New Cyber Bill rushed through
Thailand’s National Legislative Assembly approved a controversial law this week which could seriously effect how Thailand’s internet users use the web. The main effect of the bill is to outlaw any attempt at bypassing government censors to access any of the thousands of sites that have been censored due to their moral or political purposes.
This single law could put Thailand in the same category as China and Burma with regards to censorship and the lack of a democratic right for free speech.
The bill sailed through its third reading on Wednesday by a vote of 119 to 1. It requires royal endorsement before it can be formally enacted into law. The bill regards as a crime the intention to withhold internet protocol (IP) addresses and violators are subject to severe punishment, according to the NLA special committee assigned to scrutinise the law. The IP is a unique address used to identify computer users while communicating with others on the network. However, the committee said, “ill-intentioned users” often hide or falsify their computer addresses so that they can easily carry out illegal acts and get away with them. The committee believed tighter controls on IP addresses would help tackle the root cause of cyber problems. Penalties apply to all illegal acts using the internet, including those carried out abroad and deemed to “damage the country both directly and indirectly”.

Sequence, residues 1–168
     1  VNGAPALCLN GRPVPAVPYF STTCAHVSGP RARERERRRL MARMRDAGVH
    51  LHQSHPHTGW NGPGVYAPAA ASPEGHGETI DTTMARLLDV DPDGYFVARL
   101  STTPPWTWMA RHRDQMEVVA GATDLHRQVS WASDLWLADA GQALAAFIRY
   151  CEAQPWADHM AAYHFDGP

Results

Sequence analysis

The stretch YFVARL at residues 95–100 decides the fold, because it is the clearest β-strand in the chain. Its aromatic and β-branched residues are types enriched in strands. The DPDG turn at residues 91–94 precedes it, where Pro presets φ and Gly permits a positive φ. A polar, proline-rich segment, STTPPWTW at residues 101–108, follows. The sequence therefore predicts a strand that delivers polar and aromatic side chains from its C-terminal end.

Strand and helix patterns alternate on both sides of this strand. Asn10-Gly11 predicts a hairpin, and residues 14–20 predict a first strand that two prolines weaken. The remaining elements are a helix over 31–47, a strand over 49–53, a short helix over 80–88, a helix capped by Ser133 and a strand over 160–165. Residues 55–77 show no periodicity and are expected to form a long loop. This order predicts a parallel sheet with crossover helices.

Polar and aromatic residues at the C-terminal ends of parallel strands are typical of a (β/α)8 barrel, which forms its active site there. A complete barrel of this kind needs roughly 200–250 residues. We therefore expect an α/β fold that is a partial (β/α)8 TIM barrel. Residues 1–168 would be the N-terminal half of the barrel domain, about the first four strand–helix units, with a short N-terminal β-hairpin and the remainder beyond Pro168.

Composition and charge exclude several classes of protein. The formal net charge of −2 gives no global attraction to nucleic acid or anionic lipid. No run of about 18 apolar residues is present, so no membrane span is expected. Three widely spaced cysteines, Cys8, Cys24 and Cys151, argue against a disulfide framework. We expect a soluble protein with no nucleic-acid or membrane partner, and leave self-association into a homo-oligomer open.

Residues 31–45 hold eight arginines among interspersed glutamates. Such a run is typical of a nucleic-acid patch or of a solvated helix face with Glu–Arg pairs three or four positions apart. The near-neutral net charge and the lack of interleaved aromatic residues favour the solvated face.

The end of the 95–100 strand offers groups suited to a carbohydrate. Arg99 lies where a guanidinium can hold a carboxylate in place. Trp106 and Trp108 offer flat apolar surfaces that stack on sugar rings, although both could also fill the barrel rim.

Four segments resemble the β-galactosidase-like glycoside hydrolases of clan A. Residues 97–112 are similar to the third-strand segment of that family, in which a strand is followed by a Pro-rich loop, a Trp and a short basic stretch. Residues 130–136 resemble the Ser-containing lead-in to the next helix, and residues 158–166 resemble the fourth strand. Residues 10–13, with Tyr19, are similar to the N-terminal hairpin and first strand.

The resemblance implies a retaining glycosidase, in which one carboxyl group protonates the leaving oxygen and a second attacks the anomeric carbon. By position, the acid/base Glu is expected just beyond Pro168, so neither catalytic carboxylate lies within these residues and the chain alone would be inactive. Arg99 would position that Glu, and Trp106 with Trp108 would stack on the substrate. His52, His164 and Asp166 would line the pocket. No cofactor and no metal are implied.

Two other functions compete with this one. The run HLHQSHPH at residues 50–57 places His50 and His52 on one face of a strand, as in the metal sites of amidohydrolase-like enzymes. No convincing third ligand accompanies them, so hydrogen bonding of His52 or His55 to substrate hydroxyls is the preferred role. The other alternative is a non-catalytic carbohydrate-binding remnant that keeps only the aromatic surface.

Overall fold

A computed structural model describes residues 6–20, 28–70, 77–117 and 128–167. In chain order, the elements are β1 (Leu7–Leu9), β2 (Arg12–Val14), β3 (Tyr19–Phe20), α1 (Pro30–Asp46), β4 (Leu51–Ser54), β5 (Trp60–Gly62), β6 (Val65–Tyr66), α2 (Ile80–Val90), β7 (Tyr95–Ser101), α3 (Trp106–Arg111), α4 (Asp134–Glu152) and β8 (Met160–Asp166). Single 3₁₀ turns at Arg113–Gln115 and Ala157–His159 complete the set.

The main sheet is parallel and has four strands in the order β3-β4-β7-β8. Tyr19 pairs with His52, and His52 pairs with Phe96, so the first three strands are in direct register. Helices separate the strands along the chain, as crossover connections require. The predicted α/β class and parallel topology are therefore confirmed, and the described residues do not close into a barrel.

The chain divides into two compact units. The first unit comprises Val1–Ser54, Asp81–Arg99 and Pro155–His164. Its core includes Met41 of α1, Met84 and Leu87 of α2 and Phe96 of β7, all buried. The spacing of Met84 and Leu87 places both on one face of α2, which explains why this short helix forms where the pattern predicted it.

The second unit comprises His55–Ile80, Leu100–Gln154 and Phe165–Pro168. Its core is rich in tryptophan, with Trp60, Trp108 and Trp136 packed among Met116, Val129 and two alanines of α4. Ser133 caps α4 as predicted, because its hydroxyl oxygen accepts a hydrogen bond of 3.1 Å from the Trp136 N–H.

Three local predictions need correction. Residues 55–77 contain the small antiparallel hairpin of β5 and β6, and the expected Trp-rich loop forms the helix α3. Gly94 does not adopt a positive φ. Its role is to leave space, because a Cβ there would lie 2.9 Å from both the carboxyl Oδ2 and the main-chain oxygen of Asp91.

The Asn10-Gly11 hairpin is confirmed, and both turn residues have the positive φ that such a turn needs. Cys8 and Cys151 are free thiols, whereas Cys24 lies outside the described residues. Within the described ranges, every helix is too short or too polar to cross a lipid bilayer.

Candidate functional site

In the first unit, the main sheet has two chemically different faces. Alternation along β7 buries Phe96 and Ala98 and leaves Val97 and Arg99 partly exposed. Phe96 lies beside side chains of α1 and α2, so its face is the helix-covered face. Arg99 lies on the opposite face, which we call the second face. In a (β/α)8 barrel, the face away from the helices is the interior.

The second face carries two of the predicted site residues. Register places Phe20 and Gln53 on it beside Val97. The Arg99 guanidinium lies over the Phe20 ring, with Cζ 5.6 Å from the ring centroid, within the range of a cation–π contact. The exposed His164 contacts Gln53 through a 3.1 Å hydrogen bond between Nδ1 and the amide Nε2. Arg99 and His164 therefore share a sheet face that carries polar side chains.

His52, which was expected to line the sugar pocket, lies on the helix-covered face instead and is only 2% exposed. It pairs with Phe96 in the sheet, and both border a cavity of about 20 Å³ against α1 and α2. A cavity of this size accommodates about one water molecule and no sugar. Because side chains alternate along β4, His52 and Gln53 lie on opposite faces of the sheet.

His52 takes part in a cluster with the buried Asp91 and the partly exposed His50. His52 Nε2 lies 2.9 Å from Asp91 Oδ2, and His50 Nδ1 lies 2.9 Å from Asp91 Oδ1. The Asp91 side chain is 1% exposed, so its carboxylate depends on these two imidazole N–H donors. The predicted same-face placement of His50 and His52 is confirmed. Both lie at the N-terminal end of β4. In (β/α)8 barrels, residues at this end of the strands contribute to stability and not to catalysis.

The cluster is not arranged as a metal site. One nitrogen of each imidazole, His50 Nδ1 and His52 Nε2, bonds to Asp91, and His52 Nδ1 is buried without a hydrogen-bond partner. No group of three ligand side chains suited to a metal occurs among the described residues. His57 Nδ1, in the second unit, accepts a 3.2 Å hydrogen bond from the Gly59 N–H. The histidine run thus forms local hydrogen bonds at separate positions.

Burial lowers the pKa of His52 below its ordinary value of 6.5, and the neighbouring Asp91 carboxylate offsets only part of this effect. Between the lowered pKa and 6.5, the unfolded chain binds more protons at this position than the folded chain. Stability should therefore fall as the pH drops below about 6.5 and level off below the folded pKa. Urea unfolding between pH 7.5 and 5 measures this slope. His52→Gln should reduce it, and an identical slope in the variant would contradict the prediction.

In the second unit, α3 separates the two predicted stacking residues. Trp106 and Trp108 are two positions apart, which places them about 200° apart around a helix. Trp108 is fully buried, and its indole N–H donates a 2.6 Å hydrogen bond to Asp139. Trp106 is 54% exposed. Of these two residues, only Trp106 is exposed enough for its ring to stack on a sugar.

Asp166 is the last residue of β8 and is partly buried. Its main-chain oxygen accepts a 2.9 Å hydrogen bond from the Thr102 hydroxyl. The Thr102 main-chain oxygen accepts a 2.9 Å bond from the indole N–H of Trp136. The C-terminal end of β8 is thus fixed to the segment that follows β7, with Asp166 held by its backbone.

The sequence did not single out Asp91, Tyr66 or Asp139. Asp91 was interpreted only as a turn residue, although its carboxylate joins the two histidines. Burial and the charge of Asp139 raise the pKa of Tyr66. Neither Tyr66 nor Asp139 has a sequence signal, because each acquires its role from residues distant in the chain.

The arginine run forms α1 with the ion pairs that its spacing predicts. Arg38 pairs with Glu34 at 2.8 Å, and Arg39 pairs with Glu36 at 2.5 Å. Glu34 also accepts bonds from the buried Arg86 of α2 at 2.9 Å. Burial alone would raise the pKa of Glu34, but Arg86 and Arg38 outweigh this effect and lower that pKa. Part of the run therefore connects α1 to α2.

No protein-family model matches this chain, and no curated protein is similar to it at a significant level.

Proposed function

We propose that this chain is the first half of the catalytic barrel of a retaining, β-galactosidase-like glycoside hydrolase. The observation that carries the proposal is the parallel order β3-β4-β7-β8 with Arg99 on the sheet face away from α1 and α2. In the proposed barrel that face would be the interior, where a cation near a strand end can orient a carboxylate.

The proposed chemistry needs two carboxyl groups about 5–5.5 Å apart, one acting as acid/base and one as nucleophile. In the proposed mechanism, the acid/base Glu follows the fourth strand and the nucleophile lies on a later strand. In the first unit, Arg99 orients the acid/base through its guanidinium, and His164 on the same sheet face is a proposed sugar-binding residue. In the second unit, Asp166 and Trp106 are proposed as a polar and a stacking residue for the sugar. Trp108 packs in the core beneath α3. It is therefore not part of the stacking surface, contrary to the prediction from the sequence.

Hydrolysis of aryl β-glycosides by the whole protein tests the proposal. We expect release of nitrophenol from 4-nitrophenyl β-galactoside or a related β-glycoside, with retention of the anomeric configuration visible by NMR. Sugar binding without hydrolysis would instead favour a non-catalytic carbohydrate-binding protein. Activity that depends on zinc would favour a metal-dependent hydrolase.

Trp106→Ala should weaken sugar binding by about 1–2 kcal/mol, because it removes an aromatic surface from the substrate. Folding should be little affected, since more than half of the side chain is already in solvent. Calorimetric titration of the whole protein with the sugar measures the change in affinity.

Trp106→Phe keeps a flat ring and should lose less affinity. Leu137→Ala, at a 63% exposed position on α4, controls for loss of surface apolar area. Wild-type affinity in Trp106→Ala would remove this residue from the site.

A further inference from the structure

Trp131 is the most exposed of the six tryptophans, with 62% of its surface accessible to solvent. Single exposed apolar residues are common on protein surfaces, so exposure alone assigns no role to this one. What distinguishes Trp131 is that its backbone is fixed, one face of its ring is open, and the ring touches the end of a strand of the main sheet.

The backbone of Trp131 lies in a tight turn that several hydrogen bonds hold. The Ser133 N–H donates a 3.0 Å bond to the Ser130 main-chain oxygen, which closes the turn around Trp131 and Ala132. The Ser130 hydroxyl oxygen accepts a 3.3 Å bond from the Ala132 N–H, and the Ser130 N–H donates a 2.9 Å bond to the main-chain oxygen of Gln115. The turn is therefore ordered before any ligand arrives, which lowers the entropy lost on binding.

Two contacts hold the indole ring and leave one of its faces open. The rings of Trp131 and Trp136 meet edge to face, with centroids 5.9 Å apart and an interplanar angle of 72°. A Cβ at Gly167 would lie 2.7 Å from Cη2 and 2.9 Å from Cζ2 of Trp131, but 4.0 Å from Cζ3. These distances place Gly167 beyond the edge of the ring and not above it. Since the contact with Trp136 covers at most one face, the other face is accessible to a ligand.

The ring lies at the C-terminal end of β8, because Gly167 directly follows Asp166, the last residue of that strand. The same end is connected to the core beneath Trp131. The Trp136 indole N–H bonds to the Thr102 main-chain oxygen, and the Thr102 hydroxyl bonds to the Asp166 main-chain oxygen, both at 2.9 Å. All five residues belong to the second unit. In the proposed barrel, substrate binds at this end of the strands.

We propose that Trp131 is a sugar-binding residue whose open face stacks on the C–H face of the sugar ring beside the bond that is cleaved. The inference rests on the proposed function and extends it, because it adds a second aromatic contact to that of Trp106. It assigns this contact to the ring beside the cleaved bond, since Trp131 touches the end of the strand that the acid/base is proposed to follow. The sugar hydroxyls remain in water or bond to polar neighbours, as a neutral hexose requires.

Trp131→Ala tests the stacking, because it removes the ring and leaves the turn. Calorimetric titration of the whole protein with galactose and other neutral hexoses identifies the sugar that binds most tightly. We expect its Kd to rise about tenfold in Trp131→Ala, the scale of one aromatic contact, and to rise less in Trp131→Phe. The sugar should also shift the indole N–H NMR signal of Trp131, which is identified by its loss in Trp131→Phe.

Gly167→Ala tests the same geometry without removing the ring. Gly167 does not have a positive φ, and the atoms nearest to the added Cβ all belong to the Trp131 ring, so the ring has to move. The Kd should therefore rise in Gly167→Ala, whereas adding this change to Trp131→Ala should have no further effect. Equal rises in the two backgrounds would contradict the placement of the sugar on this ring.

What worries me here is that the people that be have admitted they hardly use the Internet or even know what it is for, so have they consulted the international community for advice or decided that IP address control is the only way to go.
The level of abuse that this bill could be vulnerable to is staggering. If “someone” decides that a political parties website is deemed threatening, the site would be banned. Another worrying part of the bill is “The bill regards as a crime the intention to withhold internet protocol (IP) addresses”
If this single rule is enacted and someone charged under it, Thailand is now on par with China and Burma for censorship and lack of a democratic process.
The technologies which seem to fall under this “bypassing government censors” are:
– Secure Shell
– Virtual Private Networks (VPN) used by millions of companies here in Thailand
– IPSec (again used by many with Windows Networks)
I really hope His Majesty stops this bill from going ahead with such strong restrictions on the public. He is a champion of Human Rights in Thailand and this seems to be against everything he stands for.
What are your thoughts?